You may be interested in having a bird house just for decoration, or you may be trying to attract certain types of birds.
However, if you want to attract a specific species, in most cases, you will need to build or buy a specific type of bird house. For example, Purple Martins nest in colonies and Robins nest on platforms without roofs. Most bird houses are square or rectangular and feature an entrance hole, keep in mind the size of the box and the size of the entrance hole will attract certain species.
Here are some types of bird houses that specific species nest in.
Bluebird houses are quite simple, with a small entrance hole and large roof for extra protection. Bluebirds’ boxes are commonly taken over by other small birds like House Sparrows, and because their population is declining, it is important to include a cone-shaped predator baffle and monitor the activity around the nest box.
Place a bluebird box in the sun and about 4 to 6 feet off the ground.
Purple Martins nest in colonies, so their bird houses are very different. Depending on how many you want to attract, you must build them in multiple levels. These bird houses are usually rounded, and should feature a protective roof as well. You can also simply hang several gourds in a cluster. This will help your chances of hosting some Purple Martins!
Purple Martin nests should be set about 40 feet from other obstacles, including trees and buildings at a height of 10 to 15 feet high.
To attract Wrens, the most important aspect of the bird house is the hole. Make sure the diameter is 1 1/4” which is large enough for all types of Wrens and Black-Capped Chickadees to use, but too small for House Sparrows. Tree Swallows will also use this type of house.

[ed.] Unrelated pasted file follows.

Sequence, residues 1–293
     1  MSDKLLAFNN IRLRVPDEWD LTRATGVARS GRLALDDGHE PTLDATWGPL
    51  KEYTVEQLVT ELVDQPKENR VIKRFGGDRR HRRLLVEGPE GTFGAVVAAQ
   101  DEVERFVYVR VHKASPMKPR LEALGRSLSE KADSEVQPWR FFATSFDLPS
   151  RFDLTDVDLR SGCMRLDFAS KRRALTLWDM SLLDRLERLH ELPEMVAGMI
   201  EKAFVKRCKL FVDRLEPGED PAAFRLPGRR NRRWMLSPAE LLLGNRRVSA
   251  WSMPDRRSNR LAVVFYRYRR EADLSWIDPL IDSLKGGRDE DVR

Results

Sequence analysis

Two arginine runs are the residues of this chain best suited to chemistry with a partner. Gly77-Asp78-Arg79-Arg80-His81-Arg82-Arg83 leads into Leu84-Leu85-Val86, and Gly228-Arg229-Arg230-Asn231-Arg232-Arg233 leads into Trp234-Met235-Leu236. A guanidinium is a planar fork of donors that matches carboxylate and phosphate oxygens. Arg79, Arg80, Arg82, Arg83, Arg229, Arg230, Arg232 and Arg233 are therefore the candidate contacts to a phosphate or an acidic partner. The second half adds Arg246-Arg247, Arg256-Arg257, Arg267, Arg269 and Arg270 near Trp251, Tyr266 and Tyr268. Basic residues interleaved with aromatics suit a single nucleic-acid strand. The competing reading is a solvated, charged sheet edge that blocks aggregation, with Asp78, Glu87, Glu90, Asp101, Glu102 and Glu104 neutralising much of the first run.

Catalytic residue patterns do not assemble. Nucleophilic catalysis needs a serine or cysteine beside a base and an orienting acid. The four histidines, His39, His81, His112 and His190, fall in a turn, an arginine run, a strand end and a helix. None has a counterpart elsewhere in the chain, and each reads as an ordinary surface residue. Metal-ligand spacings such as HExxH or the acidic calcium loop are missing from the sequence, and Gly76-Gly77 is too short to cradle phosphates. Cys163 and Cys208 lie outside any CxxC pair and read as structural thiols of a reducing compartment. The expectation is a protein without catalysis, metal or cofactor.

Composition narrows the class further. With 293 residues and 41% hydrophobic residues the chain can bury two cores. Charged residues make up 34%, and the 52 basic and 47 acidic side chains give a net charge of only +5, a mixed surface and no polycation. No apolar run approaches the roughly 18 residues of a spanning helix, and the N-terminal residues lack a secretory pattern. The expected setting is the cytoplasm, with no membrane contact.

Wren bird houses should be attached to a tree or a pole. The house should be placed close to or within some cover. The height can be anywhere from 3 feet to 10 feet off the ground. Black-Capped Chickadees also prefer a well-covered bird house.
If you would like to watch Robins, Barn Swallows or Phoebes nesting, you won’t need a bird house. Often considered a bird of spring, Robins begin their breeding cycles shortly after returning to their summer range. Their iconic pastel-colored eggs are unmistakable as well.
Robins, Barn Swallows and Phoebes nest on shelves or ledges — and often in locations that seem intrusive to human activities. However, you can attract them to areas you want by building a platform yourself.
All you need is a platform floor with a little border around it and a back piece for attaching it to your porch or under an eave. Blue Jays, Mourning Doves and Cardinals will also use these types of nesting platforms.
If you find a nest around your house, try not to disturb it. Moving it can be illegal, as some species of birds are protected by law. Birds will not abandon the nest if you touch it, but if they see you getting too close, they may abandon eggs that aren’t hatched.
Your best bet is to leave the nest as is and allow the birds using it to raise their young. At most, the entire process of nest creation, incubation and the young fledging will take about two months.
If you are interested in building your own bird houses, here is a useful chart outlining floor size, box height, height above the ground and entrance hole diameter sizes for different species.
For some specific bird house designs try these links:
Good luck and happy birding!
The Wild Bird Journal Blog Team's primary goal is to provide you with all the information you need to feed and assist the birds that visit your backyard. If you have a question, don't hesitate to leave a message for us in the comment section. We're always happy to help you and your feathered friends!